Ford Invests in Solid Power Battery Producer for Electric Vehicles

Dearborn’s Ford Motor Co. has announced it is growing its investment in Solid Power, a Colorado-based producer of all-solid-state batteries for electric vehicles.
Solid Power batteries
Ford is growing its investment in Solid Power, which creates solid-state batteries (pictured) for electric vehicles. // Photo courtesy of Ford Motor Co.

Dearborn’s Ford Motor Co. has announced it is growing its investment in Solid Power, a Colorado-based producer of all-solid-state batteries for electric vehicles.

Ford initially invested in Solid Power in 2019 and is making an additional equity investment to help accelerate development of the technology, contributing to a $130 million Series B investment round in which the BMW Group becomes an equal equity owner with Ford. The amount of Ford’s contribution was not disclosed.

“Solid-state battery technology is important to the future of electric vehicles, and that’s why we’re investing in it directly as well as accelerating Ford’s in-house R&D on next-generation battery technology,” says Hau Thai-Tang, chief product platform and operations officer at Ford. “Leveraging the speed of a startup and the expertise of some of the most seasoned battery experts in the world at Ford, we’re exploring different ways to power tomorrow’s fun-to-drive all-electric vehicles, using proven development and manufacturing processes.”

Solid state batteries don’t use the liquid electrolyte found in conventional lithium-ion batteries and can be lighter with greater energy density and provide more range and lower cost.

Solid Power’s products have been confirmed with the delivery of hundreds of production line-produced battery cells that were validated by the BMW Group and Ford late last year, formalizing Solid Power’s commercialization plans.

“By simplifying the design of solid-state versus lithium-ion batteries, we’ll be able to increase vehicle range, improve interior space and cargo volume, and ultimately deliver lower costs and better value for customers,” says Ted Miller, manager of electrification subsystems and power supply research at Ford. “We look forward to delivering these improvements and working with Solid Power to seamlessly and quickly integrate their sulfide-based all-solid-state battery cells into existing lithium-ion cell production processes more efficiently than oxide-based solid-state battery cell makers can.”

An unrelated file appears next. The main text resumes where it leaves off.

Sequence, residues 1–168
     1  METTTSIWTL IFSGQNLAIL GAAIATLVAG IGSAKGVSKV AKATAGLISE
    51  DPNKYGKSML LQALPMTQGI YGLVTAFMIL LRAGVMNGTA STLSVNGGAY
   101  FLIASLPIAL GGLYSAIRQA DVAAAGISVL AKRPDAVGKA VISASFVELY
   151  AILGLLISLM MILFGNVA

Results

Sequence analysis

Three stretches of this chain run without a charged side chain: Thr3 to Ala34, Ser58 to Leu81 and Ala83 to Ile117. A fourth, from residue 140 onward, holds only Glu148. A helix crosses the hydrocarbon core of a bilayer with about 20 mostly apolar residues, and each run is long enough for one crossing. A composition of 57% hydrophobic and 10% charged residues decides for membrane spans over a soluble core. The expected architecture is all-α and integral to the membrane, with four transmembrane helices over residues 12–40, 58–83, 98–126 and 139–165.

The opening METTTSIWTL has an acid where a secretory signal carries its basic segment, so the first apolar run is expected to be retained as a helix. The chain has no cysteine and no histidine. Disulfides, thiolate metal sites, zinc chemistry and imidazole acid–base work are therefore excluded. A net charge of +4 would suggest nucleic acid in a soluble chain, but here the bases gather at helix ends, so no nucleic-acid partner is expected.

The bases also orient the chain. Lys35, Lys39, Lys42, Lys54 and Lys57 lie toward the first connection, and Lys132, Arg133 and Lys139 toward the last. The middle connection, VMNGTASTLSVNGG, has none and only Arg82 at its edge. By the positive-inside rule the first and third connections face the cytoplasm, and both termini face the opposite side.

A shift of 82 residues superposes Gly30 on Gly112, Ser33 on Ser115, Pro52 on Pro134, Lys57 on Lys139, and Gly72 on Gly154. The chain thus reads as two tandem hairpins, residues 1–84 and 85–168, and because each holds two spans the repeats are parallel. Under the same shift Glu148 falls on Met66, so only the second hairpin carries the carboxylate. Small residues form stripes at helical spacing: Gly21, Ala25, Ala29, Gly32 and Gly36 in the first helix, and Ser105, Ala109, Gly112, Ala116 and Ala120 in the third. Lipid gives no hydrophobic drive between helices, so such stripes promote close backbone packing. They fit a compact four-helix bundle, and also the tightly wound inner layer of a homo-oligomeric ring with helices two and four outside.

Under the new agreement, Ford will receive full-scale 100 ampere hour cells from Solid Power for testing and integrating into its future vehicles starting next year. Solid Power is already producing 20 ampere hour solid-state batteries on a pilot manufacturing line using lithium-ion production processes and equipment.

Ford also has a separate joint development agreement with Solid Power to develop and test its specific cell design and help streamline Ford’s integration into future vehicles.

Ford recently announced a new global battery center of excellence — Ford Ion Park — to accelerate research and development of its battery and battery cell technology, including future battery manufacturing.

The company has nearly two decades of battery expertise and is building on it by centralizing a cross-functional team of 150 experts in battery technology development, research, manufacturing, planning, purchasing, quality, and finance to help Ford more quickly develop and manufacture battery cells and batteries.

The team is also exploring better integration and innovation opportunities across all aspects of the value chain, from mining to recycling, working with Ford teams, suppliers, and partners.

In addition, a $185 million collaborative learning lab in southeast Michigan dedicated to developing, testing, and building vehicle battery cells and cell arrays will open late next year. The 200,000-square-foot lab will include pilot-scale equipment for electrode, cell, and array design and manufacturing and will use state-of-the-art technology to pilot new manufacturing techniques that will allow Ford to quickly scale breakthrough battery cell designs with new materials once the company vertically integrates battery cells and batteries.

Ford has secured more than 2,500 patents in electrification technologies with another 4,300 patents pending. It has sold more than 1 million hybrids, plug-in hybrids, and all-electric vehicles since 2004.

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